Fallacy 9th. That, whatever the effect upon other classes, bank stockholders at least are made richer by an expansion of the currency.

That this is not universally true will appear on examination.

An expansion of the currency raises prices: that we take to be indisputable. If so, the stockholder may be made richer or poorer by the cause that increases his bank dividends.

For example: suppose he has an income from various

sources of...............\$5,000

And from bank stock......... . . . 1,000

Total income.........\$6,000

In consequence of an increase of circulation by the banks, he gets an increase of \$500, equal to fifty per cent on his bank dividends, making his whole income \$6,500. But prices and commodities have advanced twenty-five per cent in consequence of the inflation. What he would have bought before for \$6,000, now costs him \$7,500. The result, then, is, that the bank stockholder has gained \$500 in his dividends, and lost \$1,500 in his purchases; so that he is actually \$1,000 poorer, reckoning the real satisfactions or commodities, &c, which he obtains from his income.

There is nothing fictitious in this statement. The natural and certain operation of an inflation of currency affects in just this way all who hold bank stocks, but have the main part of their income from other sources. But we can suppose a case in which the stockholder would gain by expansion.

For example: he has an income from bank stock of . . \$4,000 From salary...............1,000

Total income........\$5,000

Now, by expansion, his dividends are increased fifty per cent, as before; and his income stands: —

From bank stock..............\$6,000

From salary............... 1,000

\$7,000

Prices have advanced, as before, twenty-five per cent, so that what he could have bought for \$5,000, now costs him \$6,250; but, since his income has increased to \$7,000, he is a gainer by \$750.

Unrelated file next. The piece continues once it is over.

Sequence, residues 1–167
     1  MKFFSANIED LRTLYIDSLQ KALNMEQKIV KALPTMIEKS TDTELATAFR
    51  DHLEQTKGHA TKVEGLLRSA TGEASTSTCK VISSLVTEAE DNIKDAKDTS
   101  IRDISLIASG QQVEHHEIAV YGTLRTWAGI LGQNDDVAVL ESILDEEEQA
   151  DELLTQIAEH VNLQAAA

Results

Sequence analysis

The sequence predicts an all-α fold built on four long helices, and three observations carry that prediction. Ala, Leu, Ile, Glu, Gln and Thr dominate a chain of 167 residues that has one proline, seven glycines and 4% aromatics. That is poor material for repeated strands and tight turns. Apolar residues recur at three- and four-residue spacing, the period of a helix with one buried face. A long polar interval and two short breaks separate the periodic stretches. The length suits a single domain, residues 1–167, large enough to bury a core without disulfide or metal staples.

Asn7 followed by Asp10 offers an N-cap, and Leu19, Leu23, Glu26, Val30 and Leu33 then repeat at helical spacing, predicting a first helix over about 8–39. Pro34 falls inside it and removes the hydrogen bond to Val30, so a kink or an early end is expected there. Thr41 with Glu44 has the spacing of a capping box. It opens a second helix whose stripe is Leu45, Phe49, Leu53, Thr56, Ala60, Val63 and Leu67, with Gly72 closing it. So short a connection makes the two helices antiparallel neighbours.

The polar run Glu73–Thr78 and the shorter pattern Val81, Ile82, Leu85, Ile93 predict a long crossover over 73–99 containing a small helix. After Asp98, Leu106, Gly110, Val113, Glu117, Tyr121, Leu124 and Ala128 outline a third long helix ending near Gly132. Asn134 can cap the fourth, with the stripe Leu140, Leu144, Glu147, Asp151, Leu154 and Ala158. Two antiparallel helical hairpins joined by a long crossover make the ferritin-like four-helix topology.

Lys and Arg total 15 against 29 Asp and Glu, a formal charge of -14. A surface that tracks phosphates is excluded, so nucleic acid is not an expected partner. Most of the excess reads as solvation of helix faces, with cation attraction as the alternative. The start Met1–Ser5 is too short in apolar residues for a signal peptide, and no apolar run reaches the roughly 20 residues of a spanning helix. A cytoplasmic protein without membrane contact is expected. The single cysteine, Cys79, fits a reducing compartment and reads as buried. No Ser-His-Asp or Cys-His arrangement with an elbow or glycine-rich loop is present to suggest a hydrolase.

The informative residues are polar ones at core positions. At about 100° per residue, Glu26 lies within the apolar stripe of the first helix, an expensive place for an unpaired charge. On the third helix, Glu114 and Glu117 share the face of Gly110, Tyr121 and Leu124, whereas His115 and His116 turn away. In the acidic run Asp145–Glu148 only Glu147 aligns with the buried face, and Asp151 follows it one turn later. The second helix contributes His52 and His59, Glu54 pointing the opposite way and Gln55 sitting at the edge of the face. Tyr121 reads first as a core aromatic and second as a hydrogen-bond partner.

These two cases present, it is believed, a fair illustration of the effects of an increase of dividends upon bank stocks occasioned by an inflation of the currency. It is seen, that, if a man's income is derived mainly from such sources, he may gain by an increase of his dividends, notwithstanding the rise in price. But few persons are so situated. Nearly all capitalists have a variety of investments, bank stock being only one of them; so that, to the great mass of stockholders even, the gain by increased dividends is more than counterbalanced by the loss from enhanced prices.

Who gains by fictitious currency?

But it may be asked, if stockholders do not gain by bank expansions, who does? There is an increase of dividends: who gets the advantage?

This inquiry brings us face to face with one of the prime mysteries of currency, and, indeed, of political economy. "Who gains by fictitious currency?" Before answering this, we will ask, What is gained by a currency not consisting of actual value? We answer, nothing but price. Prices are changed by it. Values are not created: they remain the same. By the change in the standard or measure from a value to a mixed currency, prices no longer accurately determine values. Prices are increased. Those who hold commodities while prices are advancing, gain by such an advance. Debtors may discharge their obligations with less value. Speculators may make favorable operations. The value of every commodity has been interfered with; the integrity of every contract to pay value has been impaired. Some are constantly gaining; others, losing: both parties, it may be, unconscious of the cause of such prosperity or adversity." Times " are said to be good or bad, as men gain without earning, or lose without a fault. Here we have the answers of the questions,— What is gained by a mixed currency? Who gains by it?

Such is the " consummation " of mixed currency. " It is a grand system of insidious swindling." So said " Hard-castle " (who was no other than Mr. Page of the Bank of England) forty years ago; and what that shrewd observer then discovered is apparent now to all who enter into a full examination of the subject.*

* Richard Cobden repeated this remark of Mr. Page to the author at Manchester, more than twenty years since, with his emphatic approval.